Donate blood, save a life

Although one pint of blood can save up to three different lives, only four percent of eligible blood donors donate blood. Donated blood can be used in life threatening situations, such as in saving the life of someone involved in a serious accident or someone with a terminal illness.

One third of people will need a blood transfusion in their lifetime, and the demand for blood is constant due to its non-substitutable qualities. In the 45 minutes that it takes to donate blood, the effects of that blood can last a lifetime.

FBLA and Student Council offer four different opportunities a year to donate blood. Once every quarter, blood drives offer an abundant amount of positives for not only the recipient of the blood but the donor as well.

Contrary to some, there is no chance of donors contracting an infectious blood disease while donating. Doctors and staff members use clean sterile needles and take serious precaution with each and every donor. Although there are exceptions, few donors experience dizziness, faint feelings, or sickness after donating.

For every negative myth about the experience of donating blood, there are multiple real positives to donating blood. Donating blood removes excess iron, and excessive amounts of iron can harm the body with high blood pressure, cirrhosis, heart disease, and diabetes. When donating blood, bodies also make new red blood cells that are more efficient at carrying oxygen throughout the body. Regular blood donation is also associated with lowered risks of lung, colon, liver, throat, and stomach cancer.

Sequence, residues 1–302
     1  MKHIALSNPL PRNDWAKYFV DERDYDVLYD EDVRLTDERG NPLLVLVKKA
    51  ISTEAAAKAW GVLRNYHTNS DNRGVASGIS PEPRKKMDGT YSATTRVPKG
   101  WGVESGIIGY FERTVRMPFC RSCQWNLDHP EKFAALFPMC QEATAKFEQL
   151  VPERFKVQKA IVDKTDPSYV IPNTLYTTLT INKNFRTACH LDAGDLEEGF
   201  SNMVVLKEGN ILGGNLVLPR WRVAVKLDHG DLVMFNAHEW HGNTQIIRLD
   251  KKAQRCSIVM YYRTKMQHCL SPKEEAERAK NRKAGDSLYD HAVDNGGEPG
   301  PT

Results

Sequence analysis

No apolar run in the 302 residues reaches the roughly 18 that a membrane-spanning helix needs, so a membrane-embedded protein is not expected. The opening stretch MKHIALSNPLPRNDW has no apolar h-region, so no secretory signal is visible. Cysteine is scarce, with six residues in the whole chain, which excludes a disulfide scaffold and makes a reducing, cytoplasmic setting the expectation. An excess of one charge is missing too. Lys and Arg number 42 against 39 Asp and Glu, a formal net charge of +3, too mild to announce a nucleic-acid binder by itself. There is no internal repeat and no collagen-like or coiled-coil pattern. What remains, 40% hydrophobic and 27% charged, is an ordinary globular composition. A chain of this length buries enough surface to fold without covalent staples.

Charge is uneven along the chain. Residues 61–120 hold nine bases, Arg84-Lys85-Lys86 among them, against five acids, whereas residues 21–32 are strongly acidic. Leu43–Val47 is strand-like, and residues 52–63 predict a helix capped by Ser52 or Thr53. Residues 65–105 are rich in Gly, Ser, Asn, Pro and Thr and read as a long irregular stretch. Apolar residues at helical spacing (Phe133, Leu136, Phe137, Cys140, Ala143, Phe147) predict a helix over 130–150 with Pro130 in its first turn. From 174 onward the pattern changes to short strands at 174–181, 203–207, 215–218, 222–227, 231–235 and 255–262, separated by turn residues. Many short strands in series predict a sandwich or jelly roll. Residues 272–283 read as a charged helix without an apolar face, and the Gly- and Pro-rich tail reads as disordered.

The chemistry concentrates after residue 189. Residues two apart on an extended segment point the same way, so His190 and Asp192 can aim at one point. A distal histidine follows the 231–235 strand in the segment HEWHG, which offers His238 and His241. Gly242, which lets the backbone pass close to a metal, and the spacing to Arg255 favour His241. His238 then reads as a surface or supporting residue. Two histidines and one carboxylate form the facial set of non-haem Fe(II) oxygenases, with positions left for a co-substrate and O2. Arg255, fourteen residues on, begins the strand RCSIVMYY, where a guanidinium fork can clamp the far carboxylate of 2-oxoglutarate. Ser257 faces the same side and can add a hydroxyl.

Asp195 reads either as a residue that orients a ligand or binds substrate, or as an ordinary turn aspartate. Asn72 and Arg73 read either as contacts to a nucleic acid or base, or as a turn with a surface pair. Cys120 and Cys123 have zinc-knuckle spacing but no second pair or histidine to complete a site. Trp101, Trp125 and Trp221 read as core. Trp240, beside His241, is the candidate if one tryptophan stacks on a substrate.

Health benefits are not the sole benefits of donating blood. When donating at one of the quarterly blood drives, donors receive unlimited access to tables of cookies, chips, pizza, soda, juices, water, and other snacks. Donors also are excused from class, a perk for many students. Finally, donors receive the rewarding feeling that comes with the possibility of saving three lives and making the community a safer place for everyone.

Nine seniors, Annah Buckwalter, Amber Jerson, Ja’Miracle Morant, Elliott Evans, Makayla Kuhrt, Hunter Shepherd, Colton Fersch, Jordan Miller, and Trevor Trejo, received the honor of the Gallon Grad Award from the Mississippi Valley Regional Blood Center, having donated at least eight pints of blood in their high school careers.

The most recent blood drive, hosted by student council May 3, produced 81 pints of blood. Although the most recent blood drive was the last blood drive of the year, 29 donors donated blood for their first time.

Blood drives are a wonderful way to make a difference in the community and in the lives of those in need of blood. Blood drives do not supply the needy with just blood but with life.


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